The holiday season is right around the corner - well, at least it's coming up fast. For shippers and freight pros, holiday logistics have already been on the brain for some time. We've discussed some general freight guidelines relating to Christmas and holiday retail already, but as Christmas in July gives way to August, we'd be remiss if we didn't spotlight the type of holiday shopping growing the fastest - e-commerce - and the logistics of the online shopping game. E-commerce brings with it some different shipping terminology and its own unique challenges, which we’ll take some time to discuss here.
What does blind shipment mean?
A blind shipment means a shipment in which the buyer is not aware of the shipper or its origin, with a double blind shipment referring to one in which both the buyer is unaware of its origin and the shipper is unaware of its destination. Blind shipments are common in e-commerce as the online shopping store often does not want the consumer to know where the product comes from and/or the shipper to know where it’s going to prevent both sides from coming together in a direct transaction – thus cutting the retailer out of the process. Some use the term blind shipment interchangeably with drop shipment, but they are different. A drop shipment is when an item is sold by a retailer but not directly kept in stock. So rather than the retailer keeping shelves full of a particular item, when a customer places an order in a dropshipping scenario, it gets shipped via another party like the manufacturer, a wholesaler or even another retailer. The other key difference between a blind shipment and a drop shipment is, there are no secrets, as in, all parties know where the product originates and where it is delivered in dropshipping.
What is omnichannel?
When it comes to retail, omnichannel is a scenario in which a consumer can go to one place to buy/return a product in any number of ways. For instance, a retailer implementing an omnichannel strategy allows a consumer to
Buy online, then pick-up at the brick and mortar store
Buy online, then have it delivered to the home or another location
Purchase in store, with the delivery either to the home or another location
Drop ship from a warehouse or manufacturing center to store, home or other location
Buy online, then return at store or online
Buy online, then return online
Omnichannel has been a growing push in recent years, as consumers come to expect these options and the convenience they offer. Without omnichannel implemented, retailers can be left behind for more appealing options and miss out on potential revenue growth, reduction in costs and improvements in logistics on top of the positive customer attitudes it engenders.
What is e-commerce logistics?
E-commerce logistics is simply the logistics behind online retail. Also called e-logistics, this refers to the process used by an e-commerce retailer to make products available, fill orders and get those products into the hands of the end consumer. A complete e-commerce logistics strategy would ensure packing, shipping, last mile delivery and even a return option. In other words, e-logistics for an online retailer should include
- Robust inventory management to integrate inventory with the shopping experience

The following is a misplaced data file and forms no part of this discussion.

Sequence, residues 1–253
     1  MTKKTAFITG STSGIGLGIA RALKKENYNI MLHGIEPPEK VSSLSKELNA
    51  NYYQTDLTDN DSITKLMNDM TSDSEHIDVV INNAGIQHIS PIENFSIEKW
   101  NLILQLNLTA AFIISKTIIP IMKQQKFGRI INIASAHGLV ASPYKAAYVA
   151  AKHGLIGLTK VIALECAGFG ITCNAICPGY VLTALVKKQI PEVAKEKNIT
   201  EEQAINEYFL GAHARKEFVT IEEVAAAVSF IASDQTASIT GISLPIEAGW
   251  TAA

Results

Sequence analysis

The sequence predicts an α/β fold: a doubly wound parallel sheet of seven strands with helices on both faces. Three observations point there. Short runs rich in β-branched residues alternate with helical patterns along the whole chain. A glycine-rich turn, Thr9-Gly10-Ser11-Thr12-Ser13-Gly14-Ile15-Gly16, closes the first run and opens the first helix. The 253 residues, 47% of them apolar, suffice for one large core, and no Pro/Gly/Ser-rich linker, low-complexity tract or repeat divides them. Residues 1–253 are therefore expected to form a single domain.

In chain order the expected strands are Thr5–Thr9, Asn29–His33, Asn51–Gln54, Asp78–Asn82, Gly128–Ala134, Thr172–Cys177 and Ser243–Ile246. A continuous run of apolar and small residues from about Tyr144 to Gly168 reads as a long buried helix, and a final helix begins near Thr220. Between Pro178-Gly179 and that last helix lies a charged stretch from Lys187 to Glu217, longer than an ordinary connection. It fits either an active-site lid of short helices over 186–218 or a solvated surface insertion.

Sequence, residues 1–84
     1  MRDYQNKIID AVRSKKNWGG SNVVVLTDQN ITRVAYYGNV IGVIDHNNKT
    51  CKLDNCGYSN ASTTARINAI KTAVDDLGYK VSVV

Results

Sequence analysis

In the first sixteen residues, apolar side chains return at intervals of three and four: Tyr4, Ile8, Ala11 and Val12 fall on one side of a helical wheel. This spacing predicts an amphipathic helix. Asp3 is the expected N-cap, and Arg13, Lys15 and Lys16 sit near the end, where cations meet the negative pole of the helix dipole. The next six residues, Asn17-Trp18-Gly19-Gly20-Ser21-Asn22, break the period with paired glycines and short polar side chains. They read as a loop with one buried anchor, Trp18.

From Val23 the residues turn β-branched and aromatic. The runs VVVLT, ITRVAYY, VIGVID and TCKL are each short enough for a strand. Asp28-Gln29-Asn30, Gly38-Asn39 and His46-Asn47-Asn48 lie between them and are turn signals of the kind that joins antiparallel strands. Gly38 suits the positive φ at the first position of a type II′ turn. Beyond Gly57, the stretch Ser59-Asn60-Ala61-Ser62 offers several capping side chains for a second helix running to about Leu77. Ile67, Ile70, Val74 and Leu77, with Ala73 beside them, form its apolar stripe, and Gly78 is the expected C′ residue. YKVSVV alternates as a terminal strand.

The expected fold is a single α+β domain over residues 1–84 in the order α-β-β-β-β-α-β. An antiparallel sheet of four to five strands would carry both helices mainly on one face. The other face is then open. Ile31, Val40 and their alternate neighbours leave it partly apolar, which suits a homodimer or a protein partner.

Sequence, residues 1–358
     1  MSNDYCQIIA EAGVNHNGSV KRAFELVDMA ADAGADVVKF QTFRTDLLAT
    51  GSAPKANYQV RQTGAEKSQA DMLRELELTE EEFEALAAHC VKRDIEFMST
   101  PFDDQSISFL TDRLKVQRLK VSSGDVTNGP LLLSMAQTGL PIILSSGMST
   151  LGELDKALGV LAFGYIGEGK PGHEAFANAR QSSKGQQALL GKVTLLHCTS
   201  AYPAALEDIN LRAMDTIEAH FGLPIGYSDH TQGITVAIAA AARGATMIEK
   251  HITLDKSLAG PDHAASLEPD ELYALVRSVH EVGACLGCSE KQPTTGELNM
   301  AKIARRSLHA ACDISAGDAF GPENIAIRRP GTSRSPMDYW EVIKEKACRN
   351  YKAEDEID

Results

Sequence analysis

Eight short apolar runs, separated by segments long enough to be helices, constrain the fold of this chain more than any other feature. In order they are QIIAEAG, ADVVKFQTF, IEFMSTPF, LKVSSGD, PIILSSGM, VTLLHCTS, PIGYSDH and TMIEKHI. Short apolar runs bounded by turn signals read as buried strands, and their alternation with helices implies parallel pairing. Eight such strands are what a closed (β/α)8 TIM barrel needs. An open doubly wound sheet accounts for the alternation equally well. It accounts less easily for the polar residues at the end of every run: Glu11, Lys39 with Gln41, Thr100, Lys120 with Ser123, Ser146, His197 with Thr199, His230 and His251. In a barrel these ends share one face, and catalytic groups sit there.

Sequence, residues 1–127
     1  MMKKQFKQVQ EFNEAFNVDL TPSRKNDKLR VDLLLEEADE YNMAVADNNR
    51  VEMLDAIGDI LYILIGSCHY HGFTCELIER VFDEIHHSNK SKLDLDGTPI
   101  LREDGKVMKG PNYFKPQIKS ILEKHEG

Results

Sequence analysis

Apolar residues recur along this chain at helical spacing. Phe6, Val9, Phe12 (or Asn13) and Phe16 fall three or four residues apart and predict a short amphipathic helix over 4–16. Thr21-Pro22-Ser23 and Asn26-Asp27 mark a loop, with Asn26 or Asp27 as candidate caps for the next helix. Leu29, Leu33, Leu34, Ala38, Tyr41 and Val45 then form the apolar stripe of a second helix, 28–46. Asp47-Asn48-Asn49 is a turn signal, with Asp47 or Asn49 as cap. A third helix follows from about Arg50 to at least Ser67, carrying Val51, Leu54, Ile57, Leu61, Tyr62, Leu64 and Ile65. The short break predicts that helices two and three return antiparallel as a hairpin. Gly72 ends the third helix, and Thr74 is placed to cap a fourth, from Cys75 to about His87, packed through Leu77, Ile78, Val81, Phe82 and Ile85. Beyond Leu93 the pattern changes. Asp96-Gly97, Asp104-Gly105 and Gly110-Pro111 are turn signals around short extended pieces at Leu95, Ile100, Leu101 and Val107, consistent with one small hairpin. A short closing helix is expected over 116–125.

- Storage and warehousing (or a dropshipping arrangement) to ensure products are in stock and ready to ship when purchased
- Order fulfillment to get the purchased products out the door quickly
- Shipment tracking to provide transparency to both the business and consumer about where the product stands in its shipping journey
These components are all important to get an e-commerce logistics operation up and running, and keep it running smoothly.
What are e-commerce logistics challenges?
Whether for the holiday season or the rest of the year, e-commerce logistics does bring with it some unique challenges, including
- Fast delivery – If you’re an online retailer not named Amazon or Wal-Mart, you still need to try to compete with the speedy delivery times they offer, and doing so requires the right resources – likely involving third-party providers
- Managing shipping costs – Going back to the Amazon example, not only do they offer speed, they offer many free shipping options. Figuring that into the budget so consumers aren’t turned off by shipping fees is another e-commerce logistics challenge.
- Software glitches – It’s important to have reliable software for inventory management, shipment tracking and more. Errors or unreliability in any step of the process will send customers elsewhere.
- In stock issues – Just as with any retailer, if supply chain issues cause delays in products making it to distribution centers or components to be unavailable to manufacturers, e-commerce retailers will feel the pinch. So it’s imperative to plan ahead for demand and focus on keeping key products available.
- Unreliable partnerships – As e-commerce retailers not named Amazon know, reliable partnerships are a must, whether that be with providers of products or with logistics providers. It’s imperative to work with a 3PL (third party logistics) provider your operation can trust to make many of these pieces fall into place.
Whether your e-commerce and holiday logistics operation is working well and just needs a tweak or two, or you need help getting off the ground, let us know, and we'll work with you on solutions. For now, can also visit our Learning Center for more on freight and logistics - and us. Or start with one of the links below:
- Domestic Freight Services: Intermodal, Truckload, LTL
- Outsourced Managed Transportation Service Solutions